On this day 125 years ago, a commentary in the Nottingham Evening Post reflects Victorian views on gambling, an activity which many people regarded as a grave sin, on a par with drunkenness and sexual immorality:
Lotteries are, as we all know, illegal in England and most other civilised countries, but an attempt is being made to introduce the system of State lotteries in Louisiana, which, in spite of the opposition of the Governor, may be successful, inasmuch as the Lottery Company offers to give $1,250,000 for a twenty-five years’ concession, the money to be applied to purposes of education, to pensions, and to charitable uses. The proffered bribe is a huge one, but Governor Nichols has hitherto stood firm, and will no doubt remain so; the question is whether he will be backed up by the State authorities.
The principle behind the proposed lottery in Louisiana is rather similar to the arrangement in Monte Carlo, in which the Casino paid a substantial yearly amount to the royal household as well as financing public services such as the police, education, sanitation, hospitals and public works. This financial support meant that the citizens of Monaco never had to pay taxes – a situation which still exists today.
One person who took advantage of the existence of the Monte Carlo casino was, of course, Charles Deville Wells. On this day 125 years ago he was spending his third day at the gambling tables, where he had already broken the bank several times. His story will be continued here over the next few days.
Incidentally, if you enjoy excerpts such as the one above, you will find it interesting to visit the website of the British Newspaper Archive, where millions of pages of 19th and 20th century newspapers can be searched and browsed. The site allows you carry out searches free of charge, and there are various packages available from £12.95 per month to view as many pages as you wish. (I gather you are allowed three complimentary page views as a free trial. And having after your subscription runs out you may subsequently be offered very inexpensive packages from as little as £1 per month from time to time). http://www.britishnewspaperarchive.co.uk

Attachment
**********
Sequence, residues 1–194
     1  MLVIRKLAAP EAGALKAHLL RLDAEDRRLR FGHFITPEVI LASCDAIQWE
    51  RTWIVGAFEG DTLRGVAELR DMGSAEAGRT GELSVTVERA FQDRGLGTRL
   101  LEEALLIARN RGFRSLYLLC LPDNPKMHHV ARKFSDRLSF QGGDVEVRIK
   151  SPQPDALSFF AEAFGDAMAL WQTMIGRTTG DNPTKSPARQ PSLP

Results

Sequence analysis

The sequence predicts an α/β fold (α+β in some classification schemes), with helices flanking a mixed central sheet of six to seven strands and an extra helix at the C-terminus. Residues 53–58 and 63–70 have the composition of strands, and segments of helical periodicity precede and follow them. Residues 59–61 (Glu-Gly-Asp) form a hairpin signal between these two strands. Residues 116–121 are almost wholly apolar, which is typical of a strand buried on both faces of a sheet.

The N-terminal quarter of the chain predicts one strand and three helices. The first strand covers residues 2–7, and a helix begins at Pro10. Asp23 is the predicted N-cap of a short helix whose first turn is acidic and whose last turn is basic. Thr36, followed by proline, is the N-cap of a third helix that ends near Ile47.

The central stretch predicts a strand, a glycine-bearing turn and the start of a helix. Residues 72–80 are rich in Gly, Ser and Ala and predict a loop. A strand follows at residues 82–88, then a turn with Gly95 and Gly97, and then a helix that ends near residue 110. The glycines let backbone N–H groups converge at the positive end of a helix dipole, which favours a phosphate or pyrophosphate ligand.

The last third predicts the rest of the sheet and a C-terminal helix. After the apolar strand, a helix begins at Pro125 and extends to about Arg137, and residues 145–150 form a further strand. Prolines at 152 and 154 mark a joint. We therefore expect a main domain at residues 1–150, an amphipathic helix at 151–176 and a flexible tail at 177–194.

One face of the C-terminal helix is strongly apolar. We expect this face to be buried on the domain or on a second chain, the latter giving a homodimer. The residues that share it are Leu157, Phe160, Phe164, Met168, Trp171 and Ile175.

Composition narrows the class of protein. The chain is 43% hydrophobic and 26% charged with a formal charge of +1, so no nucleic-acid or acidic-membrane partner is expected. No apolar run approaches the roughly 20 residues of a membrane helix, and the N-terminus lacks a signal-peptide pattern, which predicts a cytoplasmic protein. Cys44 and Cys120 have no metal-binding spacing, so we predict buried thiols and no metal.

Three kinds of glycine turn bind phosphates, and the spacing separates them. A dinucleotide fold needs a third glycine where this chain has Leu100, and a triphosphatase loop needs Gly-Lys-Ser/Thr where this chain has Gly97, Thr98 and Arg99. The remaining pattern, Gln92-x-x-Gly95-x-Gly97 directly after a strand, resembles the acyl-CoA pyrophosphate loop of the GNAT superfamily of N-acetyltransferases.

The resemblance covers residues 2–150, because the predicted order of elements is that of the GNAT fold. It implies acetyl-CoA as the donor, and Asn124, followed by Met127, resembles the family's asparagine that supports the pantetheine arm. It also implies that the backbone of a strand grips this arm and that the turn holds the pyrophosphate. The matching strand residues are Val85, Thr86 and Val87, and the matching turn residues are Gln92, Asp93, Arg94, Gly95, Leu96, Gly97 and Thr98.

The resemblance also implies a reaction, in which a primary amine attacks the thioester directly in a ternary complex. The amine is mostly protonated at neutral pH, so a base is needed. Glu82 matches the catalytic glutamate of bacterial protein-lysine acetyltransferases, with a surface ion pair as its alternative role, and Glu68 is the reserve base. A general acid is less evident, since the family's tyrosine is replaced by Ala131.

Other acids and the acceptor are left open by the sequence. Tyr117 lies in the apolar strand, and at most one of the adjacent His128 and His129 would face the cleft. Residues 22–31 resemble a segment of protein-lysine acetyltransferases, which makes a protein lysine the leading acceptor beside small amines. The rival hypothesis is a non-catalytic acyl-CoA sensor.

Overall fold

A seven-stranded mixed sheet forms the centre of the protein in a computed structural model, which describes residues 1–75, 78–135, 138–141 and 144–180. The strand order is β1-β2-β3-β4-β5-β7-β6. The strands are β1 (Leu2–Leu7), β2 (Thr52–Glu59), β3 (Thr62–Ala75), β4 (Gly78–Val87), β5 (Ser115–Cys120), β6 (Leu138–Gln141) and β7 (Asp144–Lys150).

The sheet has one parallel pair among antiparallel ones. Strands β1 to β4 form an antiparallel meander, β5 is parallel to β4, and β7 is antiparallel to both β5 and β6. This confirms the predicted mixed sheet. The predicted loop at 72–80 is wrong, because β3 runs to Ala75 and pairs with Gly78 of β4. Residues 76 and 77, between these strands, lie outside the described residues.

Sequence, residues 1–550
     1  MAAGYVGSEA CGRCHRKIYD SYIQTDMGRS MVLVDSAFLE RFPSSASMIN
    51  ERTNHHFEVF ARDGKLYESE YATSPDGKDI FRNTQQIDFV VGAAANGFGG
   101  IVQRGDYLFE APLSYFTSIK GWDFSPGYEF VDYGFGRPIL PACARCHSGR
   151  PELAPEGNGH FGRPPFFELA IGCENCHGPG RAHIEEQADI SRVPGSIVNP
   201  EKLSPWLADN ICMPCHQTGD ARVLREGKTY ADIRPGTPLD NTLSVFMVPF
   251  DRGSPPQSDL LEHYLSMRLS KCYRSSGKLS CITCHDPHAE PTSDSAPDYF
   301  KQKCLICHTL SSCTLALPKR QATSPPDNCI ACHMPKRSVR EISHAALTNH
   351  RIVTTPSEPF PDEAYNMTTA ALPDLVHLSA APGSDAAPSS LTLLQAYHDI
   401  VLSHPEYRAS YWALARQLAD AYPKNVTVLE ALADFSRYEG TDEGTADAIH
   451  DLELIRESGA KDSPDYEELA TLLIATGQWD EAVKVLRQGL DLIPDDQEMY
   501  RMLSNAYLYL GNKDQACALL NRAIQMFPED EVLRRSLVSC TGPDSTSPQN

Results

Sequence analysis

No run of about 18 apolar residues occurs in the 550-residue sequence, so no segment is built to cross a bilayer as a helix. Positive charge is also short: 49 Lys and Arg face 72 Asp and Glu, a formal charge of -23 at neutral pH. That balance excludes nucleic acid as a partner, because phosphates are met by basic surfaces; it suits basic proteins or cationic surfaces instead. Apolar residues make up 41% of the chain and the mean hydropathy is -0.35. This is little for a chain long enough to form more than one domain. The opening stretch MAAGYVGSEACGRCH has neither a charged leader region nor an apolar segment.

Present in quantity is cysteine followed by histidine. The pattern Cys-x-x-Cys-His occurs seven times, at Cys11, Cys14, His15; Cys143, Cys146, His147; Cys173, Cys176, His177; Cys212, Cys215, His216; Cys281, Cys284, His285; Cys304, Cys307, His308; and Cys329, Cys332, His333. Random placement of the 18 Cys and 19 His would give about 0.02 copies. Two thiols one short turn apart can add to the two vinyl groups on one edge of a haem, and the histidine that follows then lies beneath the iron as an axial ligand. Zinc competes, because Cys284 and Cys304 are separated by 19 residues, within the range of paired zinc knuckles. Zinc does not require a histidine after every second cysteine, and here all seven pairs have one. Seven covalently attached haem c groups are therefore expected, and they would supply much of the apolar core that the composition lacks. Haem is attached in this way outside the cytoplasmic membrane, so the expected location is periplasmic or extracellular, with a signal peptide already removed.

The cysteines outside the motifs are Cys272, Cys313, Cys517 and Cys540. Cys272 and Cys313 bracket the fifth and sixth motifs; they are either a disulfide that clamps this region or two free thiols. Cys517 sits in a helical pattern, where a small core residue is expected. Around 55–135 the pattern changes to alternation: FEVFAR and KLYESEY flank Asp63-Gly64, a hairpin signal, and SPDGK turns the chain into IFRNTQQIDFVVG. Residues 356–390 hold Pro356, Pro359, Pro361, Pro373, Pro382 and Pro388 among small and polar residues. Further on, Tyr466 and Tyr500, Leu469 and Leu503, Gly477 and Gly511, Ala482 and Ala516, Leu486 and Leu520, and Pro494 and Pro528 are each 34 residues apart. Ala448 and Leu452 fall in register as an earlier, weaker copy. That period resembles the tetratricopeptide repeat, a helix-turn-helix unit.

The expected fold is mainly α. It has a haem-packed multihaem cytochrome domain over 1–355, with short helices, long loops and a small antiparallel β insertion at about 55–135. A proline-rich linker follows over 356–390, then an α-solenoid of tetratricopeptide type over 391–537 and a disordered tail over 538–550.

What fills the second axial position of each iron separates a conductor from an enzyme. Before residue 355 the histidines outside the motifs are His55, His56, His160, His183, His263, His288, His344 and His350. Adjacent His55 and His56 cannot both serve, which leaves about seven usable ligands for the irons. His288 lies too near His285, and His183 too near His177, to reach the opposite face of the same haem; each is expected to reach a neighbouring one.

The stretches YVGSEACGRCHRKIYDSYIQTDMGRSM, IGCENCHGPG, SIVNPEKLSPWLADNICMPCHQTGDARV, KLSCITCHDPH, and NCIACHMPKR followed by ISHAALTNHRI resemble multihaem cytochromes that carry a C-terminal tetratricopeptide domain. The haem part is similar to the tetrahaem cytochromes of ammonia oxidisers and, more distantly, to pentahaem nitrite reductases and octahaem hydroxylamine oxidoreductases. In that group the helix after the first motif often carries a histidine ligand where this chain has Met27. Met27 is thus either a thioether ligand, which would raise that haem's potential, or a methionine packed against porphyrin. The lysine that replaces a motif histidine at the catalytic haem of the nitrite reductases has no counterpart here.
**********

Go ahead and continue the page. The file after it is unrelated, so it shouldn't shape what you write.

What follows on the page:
I used this resource extensively when researching The Man who Broke the Bank at Monte Carlo – Charles Deville Wells, gambler and fraudster extraordinaire, as well as my previous book, Hitler’s Last Army – German POWs in Britain. I have also used it when researching my own family history, and was astonished to find several references to my great-grandfather – including one where, as a young boy, he had a brush with the law having damaged a neighbour’s gate!